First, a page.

Since Aurora kinase A, which is associated with TPX2, is currently tested as a therapeutic target in cancer treatment , we investigated whether BRCA2-mutant cancer cells were more sensitive to chemical inhibition of Aurora-A. For this purpose, we tested the effects of the Aurora-A inhibitor alisertib in mouse mammary tumor cell lines derived from Tp53–/–;Brca2wt/wt or Tp53–/–;Brca2F11/F11 mice (denoted as Brca2wt/wt, Brca2F11/F11). As a control, we used Tp53–/–;Brca2F11/F11 cells, reconstituted with a human BRCA2 cDNA (denoted Brca2F11/F11 + iBac-Brca2). As expected, RAD51 IRIF formation was impaired in the Brca2F11/F11 mouse mammary tumor cells, but was restored in Brca2F11/F11 + iBac-Brca2 (Suppl. Figure 5a, b). Treatment with alisertib efficiently reduced phosphorylation of histone H3 (pH3) at serine-10, a substrate of Aurora-A, illustrating efficient target engagement at indicated doses (Fig. 5a). Simultaneously, alisertib treatment resulted in an accumulation of cells in G2/M-phase of the cell cycle (from 25.0% in control cells to 60.7% in cells treated with 200 nM alisertib) (Fig. 5a). Treatment with alisertib also increased the number of cells in mitosis (2.6% in untreated cells to 9.2% after treatment with 200 nM alisertib), as judged by staining for MPM2, a mitotic marker (Fig. 5a). Importantly, Brca2F11/F11 cells were significantly more sensitive to alisertib compared to Brca2wt/wt or Brca2F11/F11 + iBac-Brca2 cells in short-term MTT assays (Fig. 5b) and clonogenic survival assays (Fig. 5c, d). Importantly, at the doses used, alisertib preferentially affected Aurora-A kinase activity, whereas at higher concentrations also the activity of Aurora-B and Aurora-C was inhibited (Suppl. Figure 6b). Also, while alisertib treatment preferentially affected BRCA2-depleted cells, the Aurora-B inhibitor ZM447439 affected cells regardless of BRCA2 status (Suppl. Figure 6c).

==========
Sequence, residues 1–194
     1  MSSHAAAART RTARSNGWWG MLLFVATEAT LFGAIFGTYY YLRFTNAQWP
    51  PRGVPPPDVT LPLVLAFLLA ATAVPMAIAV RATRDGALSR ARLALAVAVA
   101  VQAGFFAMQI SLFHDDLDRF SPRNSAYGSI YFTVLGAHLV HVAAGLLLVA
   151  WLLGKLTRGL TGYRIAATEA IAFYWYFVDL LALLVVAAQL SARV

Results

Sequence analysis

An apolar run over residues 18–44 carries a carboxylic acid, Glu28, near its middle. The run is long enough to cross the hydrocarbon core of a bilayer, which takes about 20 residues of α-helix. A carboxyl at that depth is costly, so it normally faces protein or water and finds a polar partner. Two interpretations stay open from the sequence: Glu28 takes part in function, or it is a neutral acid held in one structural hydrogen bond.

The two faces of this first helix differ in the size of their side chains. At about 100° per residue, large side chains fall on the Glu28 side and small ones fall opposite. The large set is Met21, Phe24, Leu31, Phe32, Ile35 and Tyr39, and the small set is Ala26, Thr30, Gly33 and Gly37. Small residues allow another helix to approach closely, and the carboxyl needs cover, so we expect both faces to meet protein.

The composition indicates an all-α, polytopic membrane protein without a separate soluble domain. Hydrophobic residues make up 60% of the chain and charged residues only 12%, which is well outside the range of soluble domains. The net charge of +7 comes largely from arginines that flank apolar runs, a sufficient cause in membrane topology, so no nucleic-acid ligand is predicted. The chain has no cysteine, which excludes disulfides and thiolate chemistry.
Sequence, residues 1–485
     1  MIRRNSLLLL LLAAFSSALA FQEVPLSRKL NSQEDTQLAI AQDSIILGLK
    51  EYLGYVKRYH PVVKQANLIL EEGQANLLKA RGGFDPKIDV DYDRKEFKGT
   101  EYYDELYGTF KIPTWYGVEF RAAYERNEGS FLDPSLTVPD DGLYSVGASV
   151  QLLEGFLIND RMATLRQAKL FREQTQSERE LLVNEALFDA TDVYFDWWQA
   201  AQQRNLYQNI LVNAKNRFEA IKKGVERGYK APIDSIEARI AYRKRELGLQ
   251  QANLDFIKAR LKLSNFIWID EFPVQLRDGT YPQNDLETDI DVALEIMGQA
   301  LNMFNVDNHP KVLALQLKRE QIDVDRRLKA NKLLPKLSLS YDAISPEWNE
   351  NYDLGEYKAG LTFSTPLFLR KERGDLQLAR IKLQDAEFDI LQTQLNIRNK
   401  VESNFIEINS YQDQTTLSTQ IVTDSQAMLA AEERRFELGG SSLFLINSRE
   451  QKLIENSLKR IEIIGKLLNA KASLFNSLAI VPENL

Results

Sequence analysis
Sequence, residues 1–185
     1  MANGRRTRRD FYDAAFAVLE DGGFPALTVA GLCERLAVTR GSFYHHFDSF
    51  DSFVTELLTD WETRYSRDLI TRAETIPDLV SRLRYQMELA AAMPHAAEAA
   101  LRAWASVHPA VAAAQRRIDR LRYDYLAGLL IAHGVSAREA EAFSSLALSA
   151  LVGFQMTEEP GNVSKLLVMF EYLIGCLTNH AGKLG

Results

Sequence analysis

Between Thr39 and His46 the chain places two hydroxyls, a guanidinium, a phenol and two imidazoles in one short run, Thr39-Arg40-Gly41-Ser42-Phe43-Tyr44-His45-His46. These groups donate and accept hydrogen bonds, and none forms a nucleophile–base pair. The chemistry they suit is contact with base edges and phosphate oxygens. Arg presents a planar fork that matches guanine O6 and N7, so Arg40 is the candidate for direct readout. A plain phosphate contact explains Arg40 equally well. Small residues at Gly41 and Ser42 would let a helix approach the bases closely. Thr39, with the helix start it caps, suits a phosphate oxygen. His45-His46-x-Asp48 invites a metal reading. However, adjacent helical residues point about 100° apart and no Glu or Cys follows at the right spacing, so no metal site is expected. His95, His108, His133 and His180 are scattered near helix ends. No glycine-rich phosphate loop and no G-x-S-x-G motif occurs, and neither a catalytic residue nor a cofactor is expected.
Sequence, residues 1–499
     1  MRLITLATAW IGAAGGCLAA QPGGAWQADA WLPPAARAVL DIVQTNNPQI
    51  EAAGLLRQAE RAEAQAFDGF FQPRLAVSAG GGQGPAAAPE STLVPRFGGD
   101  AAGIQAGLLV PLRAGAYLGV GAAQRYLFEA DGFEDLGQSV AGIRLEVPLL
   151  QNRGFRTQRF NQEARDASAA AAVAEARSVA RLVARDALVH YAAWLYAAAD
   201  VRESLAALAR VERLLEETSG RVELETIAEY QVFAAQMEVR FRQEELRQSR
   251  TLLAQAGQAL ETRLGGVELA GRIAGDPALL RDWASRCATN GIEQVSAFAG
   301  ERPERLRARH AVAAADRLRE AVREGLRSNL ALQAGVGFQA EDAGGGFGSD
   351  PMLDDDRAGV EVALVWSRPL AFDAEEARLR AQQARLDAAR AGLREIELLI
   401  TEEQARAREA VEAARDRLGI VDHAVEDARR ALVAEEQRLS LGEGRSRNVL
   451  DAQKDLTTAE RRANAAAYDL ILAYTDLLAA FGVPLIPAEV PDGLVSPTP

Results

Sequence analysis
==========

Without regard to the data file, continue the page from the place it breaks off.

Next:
To validate whether reduced cell viability upon TPX2 and Aurora-A depletion is also observed in human BRCA2-mutant cells, we used human colorectal DLD-1 cells. BRCA2–/– DLD-1 cells are HR-defective, as assessed by RAD51 IRIF formation (Suppl. Figure 5c, d). TPX2 and Aurora-A were successfully depleted in wt DLD-1 cells using siRNA (Suppl. Figure 5f), and the number of viable cells was assessed after 5 days (Fig. 5e and Suppl. Figure 5e). We found that in BRCA2-mutant cells, depletion of TPX2 and Aurora-A also reduced cell viability in preferentially BRCA2–/– DLD-1 cells compared to BRCA2 wt DLD-1 cells (siTPX2#1, p < 0.0001; siTPX2#2, p < 0.0001; siAURKA#1, p = 0.0034; and siAURKA#2, p = 0.0026, Fig. 5e). In line with the results of short-term survival assays, treatment with alisertib resulted in a preferential loss of viability in BRCA2–/– DLD-1 cells when compared to BRCA2 wt cells in clonogenic survival assays (Fig. 5f, g). Altogether, our data indicate that BRCA2 inactivation renders cancer cells dependent on the TPX2/Aurora-A signaling axis for their survival.
Alisertib treatment impedes cytokinesis which is preferentially cytotoxic in BRCA2-deficient cells